Faith is believing that everything in my past has a purpose. Every misjudgment, jealousy and hurt. Every joy, indulgence and success. All my wrong choices, all my right choices pushed me forward to right now. My rejoicing, my repentance, my realignments, all of it, has brought me here. Faith is believing that I have been on an upwards progression all my life, guided by the very angels of heaven. There have been no mistakes so grave, no depression so dark, no wind so strong that I've been knocked off course. Faith is believing that the past has accumulated for my good. And though it still makes up my soul, the past is over.

Hope is believing that the future will come. A future of better things, stronger convictions and securer sense of self. It is having the confidence that everything I don't have today, everything I want, will come because I am worthy of it. Hope says, I am weak today, but tomorrow I will be a little bit stronger. Hope can promise all the hurt, all the fear, anxiety, the lacking will slowly leave, vanish, melt away. Hope is okay that today isn't perfect. Hope holds all the mysteries yet to unfold. Hope is never-ending because the future is always ahead.

Charity is all we have in the present. Our past is gone, our future is yet and there is no sense living in those two spaces. We remember, we project, but for now we love. We love all that we have presently, all that our eyes can see and bodies can touch. We love the people who are in our rooms, our spaces our dreams. We love with intelligence and understanding. We may not have the money we want, the body we crave the things that occupy our desires, but we can love the salary we do make, the body we have cultivated, the things that fulfill our needs. We love the meals we eat, the shoes we wear, the woman at the grocery store. Charity is the now we own, the present we can manipulate. It's all we have and it's all we have to give.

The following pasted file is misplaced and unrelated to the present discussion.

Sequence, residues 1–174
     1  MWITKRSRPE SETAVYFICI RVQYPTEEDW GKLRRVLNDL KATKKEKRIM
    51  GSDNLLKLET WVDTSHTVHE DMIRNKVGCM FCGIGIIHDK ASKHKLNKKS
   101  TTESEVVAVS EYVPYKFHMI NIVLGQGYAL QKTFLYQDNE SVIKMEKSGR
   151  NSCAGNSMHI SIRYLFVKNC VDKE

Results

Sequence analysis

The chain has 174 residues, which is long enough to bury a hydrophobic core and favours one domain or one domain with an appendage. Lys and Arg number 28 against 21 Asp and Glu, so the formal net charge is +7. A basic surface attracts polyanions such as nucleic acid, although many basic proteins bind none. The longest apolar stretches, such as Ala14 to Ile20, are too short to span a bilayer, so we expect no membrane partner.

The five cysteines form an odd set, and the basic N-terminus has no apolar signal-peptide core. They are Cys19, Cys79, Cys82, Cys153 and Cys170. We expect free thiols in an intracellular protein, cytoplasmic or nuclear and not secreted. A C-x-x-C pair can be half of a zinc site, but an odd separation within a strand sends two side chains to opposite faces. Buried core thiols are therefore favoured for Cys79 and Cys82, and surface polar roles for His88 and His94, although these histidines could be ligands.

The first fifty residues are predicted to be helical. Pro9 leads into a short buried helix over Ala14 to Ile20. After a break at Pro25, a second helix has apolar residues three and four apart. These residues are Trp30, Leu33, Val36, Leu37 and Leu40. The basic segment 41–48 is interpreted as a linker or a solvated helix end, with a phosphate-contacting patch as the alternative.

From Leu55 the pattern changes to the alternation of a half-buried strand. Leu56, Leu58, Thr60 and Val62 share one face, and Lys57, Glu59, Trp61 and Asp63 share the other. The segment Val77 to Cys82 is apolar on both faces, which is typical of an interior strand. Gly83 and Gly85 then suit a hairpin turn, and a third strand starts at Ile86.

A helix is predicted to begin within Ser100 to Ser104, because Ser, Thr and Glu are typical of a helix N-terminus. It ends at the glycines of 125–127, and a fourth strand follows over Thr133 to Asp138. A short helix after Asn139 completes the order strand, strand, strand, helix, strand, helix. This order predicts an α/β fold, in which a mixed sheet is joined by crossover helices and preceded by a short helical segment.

So be kind to yourself, I heard the Spirit say to me at the end of this watershed moment.

And I've been trying.

Since then the train in my chest huffed and puffed and finally pulled off into the distance.




You can still enter to win all the Basa Body products you can handle or a Kenmore Elite stand mixer or a Kenmore Elite refrigerator or the kitchen sink. Just kidding about the kitchen sink.


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I am Courtney Kendrick and I am feeling better.
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5 comments:

Katie said...

Ah, CJane I love this post. Thank you for it. It is getting me through a very hard week. Beautiful words.

Allison said...

"There have been no mistakes so grave, no depression so dark, no wind so strong that I've been knocked off course." Exactly what I needed to hear tonight. Thank you so, so much.

emily janette said...

you are so incredibly beautiful and inspiring. i hope you know that.

jennyjones said...

Words are not enough for how much this post means to me. Thank you for helping a small piece of healing come.

DAP said...

I do have a million thoughts about how much I love and appreciate this post--but let's face it I love most of them...pretty much all of them. (But that would clog up your bandwidth or something or other I'm sure) But for certain I loved the lovely train metaphor and it's perfect application and I especially love your "realness" and willingness to open yourself up to all us hungry readers. It helps.